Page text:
As Mr. Khaled shuffled to the shower, seven members of his staff — many of whom would join him on a coming vacation in the Bahamas — milled about the kitchen while “Legally Blonde” played on a TV tuned to the E! channel.

“Say I had to get on a conference call, I’d go outside by the hammock, by the flowers, and just sit there,” Mr. Khaled said. “I really get close to the flowers.”

Credit Jake Michaels for The New York Times

Ivan Berrios, 25, Mr. Khaled’s photographer, and Chris Smokes, 30, Mr. Khaled’s lifestyle consultant (asked how he got that title, Mr. Smokes said, “I kind of created it myself”), picked up a pair of carnation-pink headphones and contemplated how to shoot them for the coffee-table book they’re planning. Mr. Khaled’s hairstylist, “JC Tha Barber,” showed them a trailer for his reality show. A chef poured a viscous yellow sauce into small plastic cups. Above her, frosted glass cabinets offered a window into the dichotomy of a new father who makes a living making party music: Ciroc vodka, whey protein powder, baby formula.

That incongruity extended to other parts of the home. A Baby Einstein toy sat on an immaculate white couch. Gucci shopping bags shared a shelf with board books. In the master bedroom, a bassinet stood next to rubber-banded wads of cash and seven gleaming watches. Mr. Khaled strapped on one from his collection, a rose-gold, diamond-encrusted Patek Philippe, to give a tour of his backyard.

“Where my phone at?” he called over his shoulder, stepping out onto the lawn. Someone said it was inside. “How’s that make any sense?” Mr. Khaled replied, incredulous. “Tell Kiko to come over here and Snapchat.”

Mr. Khaled squinted up at the sun and unbuttoned the leaf-printed shirt hugging his middle. “I’m going to have to do a Don Johnson,” he said.

He bent down to caress the yellow petals of a marigold. “I always feel my flowers, I touch them and I tell them I love them,” he said. “This flower right here, I remember when it wasn’t looking as beautiful. I see them grow and I put that in life perspective. If you take care of something, look what happens. It’s like eating healthy, it’s like working out.”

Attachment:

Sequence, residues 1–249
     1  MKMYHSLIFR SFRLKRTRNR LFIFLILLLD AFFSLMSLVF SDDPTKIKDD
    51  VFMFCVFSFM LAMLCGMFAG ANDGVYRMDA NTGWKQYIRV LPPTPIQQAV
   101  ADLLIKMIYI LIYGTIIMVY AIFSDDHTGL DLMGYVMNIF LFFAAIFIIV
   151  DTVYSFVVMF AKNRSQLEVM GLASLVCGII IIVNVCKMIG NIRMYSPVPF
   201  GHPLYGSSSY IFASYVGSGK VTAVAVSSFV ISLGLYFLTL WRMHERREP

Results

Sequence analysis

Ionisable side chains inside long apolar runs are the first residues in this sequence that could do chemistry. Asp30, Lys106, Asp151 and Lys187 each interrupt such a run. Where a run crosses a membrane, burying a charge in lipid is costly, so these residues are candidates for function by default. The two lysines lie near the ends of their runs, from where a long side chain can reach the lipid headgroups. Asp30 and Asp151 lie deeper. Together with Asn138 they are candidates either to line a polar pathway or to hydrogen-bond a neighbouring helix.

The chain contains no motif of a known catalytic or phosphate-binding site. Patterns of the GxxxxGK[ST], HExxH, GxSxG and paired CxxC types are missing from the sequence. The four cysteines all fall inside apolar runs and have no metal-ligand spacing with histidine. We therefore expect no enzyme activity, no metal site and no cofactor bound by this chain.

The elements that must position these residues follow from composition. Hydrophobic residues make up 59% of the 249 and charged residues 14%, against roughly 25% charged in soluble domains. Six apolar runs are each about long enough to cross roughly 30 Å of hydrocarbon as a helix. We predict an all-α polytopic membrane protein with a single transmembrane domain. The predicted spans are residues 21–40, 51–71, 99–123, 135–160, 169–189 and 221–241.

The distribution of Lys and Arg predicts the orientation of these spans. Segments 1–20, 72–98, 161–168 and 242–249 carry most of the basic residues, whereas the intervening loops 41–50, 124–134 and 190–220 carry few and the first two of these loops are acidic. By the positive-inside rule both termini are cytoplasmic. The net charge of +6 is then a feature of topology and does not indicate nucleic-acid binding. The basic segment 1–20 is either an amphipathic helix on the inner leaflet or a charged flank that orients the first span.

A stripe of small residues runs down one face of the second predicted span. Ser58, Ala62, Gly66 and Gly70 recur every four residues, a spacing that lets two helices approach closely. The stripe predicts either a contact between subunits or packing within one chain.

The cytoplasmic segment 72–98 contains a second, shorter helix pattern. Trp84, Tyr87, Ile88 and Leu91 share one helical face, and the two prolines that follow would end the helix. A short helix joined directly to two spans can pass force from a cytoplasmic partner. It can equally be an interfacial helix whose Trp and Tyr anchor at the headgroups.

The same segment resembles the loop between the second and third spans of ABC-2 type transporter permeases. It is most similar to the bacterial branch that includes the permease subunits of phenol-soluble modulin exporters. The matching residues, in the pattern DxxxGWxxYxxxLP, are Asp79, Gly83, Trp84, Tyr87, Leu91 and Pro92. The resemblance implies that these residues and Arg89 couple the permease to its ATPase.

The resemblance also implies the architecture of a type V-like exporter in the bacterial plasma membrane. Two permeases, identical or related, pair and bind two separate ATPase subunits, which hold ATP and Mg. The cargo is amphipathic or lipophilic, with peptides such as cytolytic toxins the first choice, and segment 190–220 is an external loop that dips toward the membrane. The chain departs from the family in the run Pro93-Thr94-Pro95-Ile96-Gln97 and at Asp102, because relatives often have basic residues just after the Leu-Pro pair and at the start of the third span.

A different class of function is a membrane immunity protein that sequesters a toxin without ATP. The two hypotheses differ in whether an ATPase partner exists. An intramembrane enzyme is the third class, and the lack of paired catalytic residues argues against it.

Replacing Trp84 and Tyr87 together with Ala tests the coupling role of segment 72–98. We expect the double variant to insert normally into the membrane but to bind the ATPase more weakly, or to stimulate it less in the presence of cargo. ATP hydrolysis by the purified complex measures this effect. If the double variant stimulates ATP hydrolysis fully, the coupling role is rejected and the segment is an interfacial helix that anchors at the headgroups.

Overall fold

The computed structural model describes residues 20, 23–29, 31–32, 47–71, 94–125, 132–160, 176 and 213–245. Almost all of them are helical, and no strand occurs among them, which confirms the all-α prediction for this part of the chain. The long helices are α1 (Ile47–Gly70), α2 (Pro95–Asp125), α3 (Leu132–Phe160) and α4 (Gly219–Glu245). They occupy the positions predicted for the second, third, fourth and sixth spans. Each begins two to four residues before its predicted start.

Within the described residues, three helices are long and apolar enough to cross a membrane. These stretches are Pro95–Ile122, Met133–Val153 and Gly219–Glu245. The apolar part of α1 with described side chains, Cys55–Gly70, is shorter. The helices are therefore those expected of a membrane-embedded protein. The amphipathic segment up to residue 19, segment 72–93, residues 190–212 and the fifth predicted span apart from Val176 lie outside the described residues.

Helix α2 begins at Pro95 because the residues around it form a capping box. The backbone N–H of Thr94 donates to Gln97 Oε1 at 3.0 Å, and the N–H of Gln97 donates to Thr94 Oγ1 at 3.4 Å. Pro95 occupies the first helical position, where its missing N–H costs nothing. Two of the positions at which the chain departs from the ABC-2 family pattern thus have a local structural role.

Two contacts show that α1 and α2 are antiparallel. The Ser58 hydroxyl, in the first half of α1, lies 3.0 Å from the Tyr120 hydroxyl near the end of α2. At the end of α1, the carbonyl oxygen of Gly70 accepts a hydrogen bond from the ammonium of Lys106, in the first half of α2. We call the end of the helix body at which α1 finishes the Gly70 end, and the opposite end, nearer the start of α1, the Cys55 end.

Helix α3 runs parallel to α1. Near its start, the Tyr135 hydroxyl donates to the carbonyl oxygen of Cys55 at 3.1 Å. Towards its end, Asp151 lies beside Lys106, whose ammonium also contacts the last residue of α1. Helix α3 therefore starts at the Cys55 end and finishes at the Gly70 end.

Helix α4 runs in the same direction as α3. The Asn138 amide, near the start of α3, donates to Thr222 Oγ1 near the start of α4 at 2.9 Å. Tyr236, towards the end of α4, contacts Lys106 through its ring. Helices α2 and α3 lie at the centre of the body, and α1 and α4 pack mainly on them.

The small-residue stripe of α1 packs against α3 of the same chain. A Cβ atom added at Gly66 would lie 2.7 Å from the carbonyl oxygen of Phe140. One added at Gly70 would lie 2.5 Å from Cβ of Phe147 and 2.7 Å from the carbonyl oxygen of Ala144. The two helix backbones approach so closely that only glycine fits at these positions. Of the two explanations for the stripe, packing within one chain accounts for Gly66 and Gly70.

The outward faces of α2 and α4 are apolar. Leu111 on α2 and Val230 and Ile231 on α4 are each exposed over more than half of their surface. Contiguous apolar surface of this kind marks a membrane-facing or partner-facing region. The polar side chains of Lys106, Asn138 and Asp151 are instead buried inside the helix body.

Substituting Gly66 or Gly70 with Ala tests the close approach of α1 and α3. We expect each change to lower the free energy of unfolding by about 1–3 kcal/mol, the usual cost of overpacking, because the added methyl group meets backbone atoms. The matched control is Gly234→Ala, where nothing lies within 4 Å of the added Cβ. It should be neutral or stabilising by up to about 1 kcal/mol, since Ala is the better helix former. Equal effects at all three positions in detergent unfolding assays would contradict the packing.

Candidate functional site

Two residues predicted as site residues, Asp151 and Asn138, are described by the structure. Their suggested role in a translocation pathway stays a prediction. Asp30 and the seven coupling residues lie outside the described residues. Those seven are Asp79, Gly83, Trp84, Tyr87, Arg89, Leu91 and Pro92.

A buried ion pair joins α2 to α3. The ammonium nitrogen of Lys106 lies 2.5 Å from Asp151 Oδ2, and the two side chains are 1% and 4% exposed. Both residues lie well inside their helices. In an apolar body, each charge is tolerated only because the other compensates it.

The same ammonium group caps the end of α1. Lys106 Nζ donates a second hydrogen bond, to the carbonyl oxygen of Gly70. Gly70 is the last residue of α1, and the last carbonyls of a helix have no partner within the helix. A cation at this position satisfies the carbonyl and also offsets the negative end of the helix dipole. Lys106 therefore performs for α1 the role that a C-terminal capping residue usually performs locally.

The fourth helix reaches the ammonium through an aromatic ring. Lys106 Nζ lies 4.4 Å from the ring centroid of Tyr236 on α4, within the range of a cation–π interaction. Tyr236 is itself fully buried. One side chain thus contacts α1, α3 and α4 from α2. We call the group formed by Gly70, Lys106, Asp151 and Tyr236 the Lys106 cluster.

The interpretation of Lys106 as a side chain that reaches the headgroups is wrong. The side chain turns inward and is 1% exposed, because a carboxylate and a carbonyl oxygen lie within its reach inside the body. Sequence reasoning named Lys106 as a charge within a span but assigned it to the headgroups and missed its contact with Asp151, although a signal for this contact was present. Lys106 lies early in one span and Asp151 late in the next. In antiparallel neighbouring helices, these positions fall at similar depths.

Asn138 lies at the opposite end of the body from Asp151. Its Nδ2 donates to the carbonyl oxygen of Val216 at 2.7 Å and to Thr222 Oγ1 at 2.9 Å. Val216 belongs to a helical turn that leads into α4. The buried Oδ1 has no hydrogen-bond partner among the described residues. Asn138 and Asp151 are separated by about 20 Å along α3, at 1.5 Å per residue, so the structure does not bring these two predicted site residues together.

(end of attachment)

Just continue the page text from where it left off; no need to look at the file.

In the courtyard was a waterfall-laden garden of hydrangeas and poppies that Mr. Khaled called Jerusalem, “because I feel like I’m not in America right now,” he said. “I feel like I’m in the Holy Land.” In the backyard, a lemon tree bore fruit that looked ready to pick. “Sometimes you got to do what you got to do,” Mr. Khaled said, reaching up to rip a lemon off its stem. A thorn stuck his thumb, and he started bleeding. He called over his shoulder again: “Can someone get me a napkin?”

Mr. Khaled’s free-form manner is part of his appeal to marketers trying to reach millennials who roll their eyes at traditional, polished media. He has acted as a spokesman for Ciroc, the ride service Lyft and Silk’s plant-based milks (“I do plants,” he said in a 2016 Silk ad, holding up a smoothie of almond milk and bananas).

While new endorsement offers come in “all the time,” he said, he works only with companies that accept him as he is. “I only know how to be me,” he said. “Say I misspelled something on Snapchat or social, that’s just me. If it’s me loving my flowers, me in the studio, me with my son, I’m just being me. I don’t know what else to do.”

But of course authenticity, as just being oneself is called these days, requires a lot of effort.

Back in his house, back on Instagram, Mr. Khaled watched a day-old video of himself dancing at a radio station, jovial and blustering.

“People don’t realize the work behind the scenes, they just get to see the victories and the finished product, but it’s a lot of work and not everybody can handle it,” he said, eyes fixed on the screen. “A lot of people can’t handle success, either. I can.”

Even while holding a watering can.